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I've seen the word 'cost' being used several times in describing algorithms e.g. algorithm A costs more to compute than algorithm B. What does 'cost' mean in this sense?

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    $\begingroup$ In that sense, it means that one algorithm requires more CPU cycles to compute (so it's slower), but more often "cost" refers to difficulty of a cryptographic attack. $\endgroup$ – forest May 19 at 10:11
  • $\begingroup$ Then, in the latter, does a high cost refer to a more difficult encryption to decrypt? $\endgroup$ – dkssud10 May 19 at 10:24
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    $\begingroup$ I'm voting to close this question as off-topic because it's a question about general terminology unrelated to cryptography. $\endgroup$ – Maeher May 19 at 12:40
  • $\begingroup$ @Maeher To be fair, we have a lot of questions like that which are open, even questions asking about the history behind naming conventions or why constructions were named such. $\endgroup$ – forest May 19 at 23:03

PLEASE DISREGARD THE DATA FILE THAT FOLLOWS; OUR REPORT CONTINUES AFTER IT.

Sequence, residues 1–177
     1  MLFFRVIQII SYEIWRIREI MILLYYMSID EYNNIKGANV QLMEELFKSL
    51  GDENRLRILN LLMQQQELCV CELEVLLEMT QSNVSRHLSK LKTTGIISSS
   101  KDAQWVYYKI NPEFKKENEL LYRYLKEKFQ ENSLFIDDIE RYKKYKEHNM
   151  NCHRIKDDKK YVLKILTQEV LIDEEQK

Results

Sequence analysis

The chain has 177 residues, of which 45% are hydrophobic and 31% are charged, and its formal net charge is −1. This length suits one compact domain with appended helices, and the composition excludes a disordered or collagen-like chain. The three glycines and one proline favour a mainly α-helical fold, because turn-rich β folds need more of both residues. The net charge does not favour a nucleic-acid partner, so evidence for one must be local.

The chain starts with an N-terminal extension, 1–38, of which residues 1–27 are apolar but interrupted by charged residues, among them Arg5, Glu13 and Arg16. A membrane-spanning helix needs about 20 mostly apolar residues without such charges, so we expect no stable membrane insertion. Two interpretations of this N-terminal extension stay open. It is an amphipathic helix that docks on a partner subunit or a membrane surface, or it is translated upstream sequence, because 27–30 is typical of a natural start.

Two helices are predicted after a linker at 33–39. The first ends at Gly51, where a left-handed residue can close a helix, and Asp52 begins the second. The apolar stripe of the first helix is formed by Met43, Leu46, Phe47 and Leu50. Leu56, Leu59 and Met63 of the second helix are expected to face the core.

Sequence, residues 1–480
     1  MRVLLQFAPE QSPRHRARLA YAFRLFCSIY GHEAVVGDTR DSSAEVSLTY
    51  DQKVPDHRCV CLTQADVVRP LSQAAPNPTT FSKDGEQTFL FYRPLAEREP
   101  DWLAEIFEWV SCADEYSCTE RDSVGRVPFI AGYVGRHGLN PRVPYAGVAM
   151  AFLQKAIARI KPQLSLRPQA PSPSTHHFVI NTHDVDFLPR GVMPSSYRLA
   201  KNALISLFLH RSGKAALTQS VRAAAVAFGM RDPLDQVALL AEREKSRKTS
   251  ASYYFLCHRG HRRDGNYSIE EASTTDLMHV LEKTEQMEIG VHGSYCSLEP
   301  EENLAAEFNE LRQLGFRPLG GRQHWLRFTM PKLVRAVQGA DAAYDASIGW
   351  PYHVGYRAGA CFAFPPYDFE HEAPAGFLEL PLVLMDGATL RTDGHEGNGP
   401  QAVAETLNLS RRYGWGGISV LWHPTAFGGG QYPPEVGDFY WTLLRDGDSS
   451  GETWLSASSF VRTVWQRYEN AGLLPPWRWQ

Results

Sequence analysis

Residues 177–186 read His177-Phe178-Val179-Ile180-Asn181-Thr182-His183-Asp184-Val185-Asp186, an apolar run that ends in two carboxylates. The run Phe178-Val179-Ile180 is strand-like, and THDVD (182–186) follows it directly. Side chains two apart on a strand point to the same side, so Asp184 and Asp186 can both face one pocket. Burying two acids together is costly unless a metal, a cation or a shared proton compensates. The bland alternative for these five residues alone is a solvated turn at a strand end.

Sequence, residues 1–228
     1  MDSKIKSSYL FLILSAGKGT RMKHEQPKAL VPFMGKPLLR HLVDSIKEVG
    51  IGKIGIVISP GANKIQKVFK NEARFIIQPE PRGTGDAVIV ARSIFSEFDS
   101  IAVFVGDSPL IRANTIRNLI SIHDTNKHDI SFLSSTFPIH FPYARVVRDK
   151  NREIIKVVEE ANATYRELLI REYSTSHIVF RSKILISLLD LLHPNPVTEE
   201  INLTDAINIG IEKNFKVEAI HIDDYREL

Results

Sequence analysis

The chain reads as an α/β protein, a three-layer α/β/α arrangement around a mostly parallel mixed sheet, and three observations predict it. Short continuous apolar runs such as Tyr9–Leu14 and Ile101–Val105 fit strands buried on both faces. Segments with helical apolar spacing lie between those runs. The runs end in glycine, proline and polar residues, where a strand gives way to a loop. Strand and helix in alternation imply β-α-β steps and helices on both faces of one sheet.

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    $\begingroup$ I'm not voting to close this question as off-topic because it is a common source of confusion even among cryptographers how to model costs of cryptanalytic attacks, as discussed in, e.g., the Nonuniform cracks in the concrete paper, but I lack the time at the moment to write a detailed answer about standard metrics like RAM, NAND, and the most physically realistic (but still not perfect) area*time or AT metric. $\endgroup$ – Squeamish Ossifrage May 20 at 0:19
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There is not one commonly accepted definition of "cost" in cryptography, other than the definition of "cost" in a common dictionary; this is not jargon or slang to my knowledge.

Here is the most logical definition from Merriam Webster:

b: the outlay or expenditure (as of effort or sacrifice) made to achieve an object

I'd say that "object" is not a particular object here, it should be read as "objective".


Usually "cost" refers to CPU time, commonly counted using the number of CPU cycles as unit for a particular CPU.

Depending on the context it may also refer to memory usage requirements or even energy expenditure. For hardware it may also relay to transistor count, die size or other costly elements within chip design.

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In general it means that it's too inefficient to compute (it would take far too long).

In the context of your question it means that algorithm B is faster than algorithm A.

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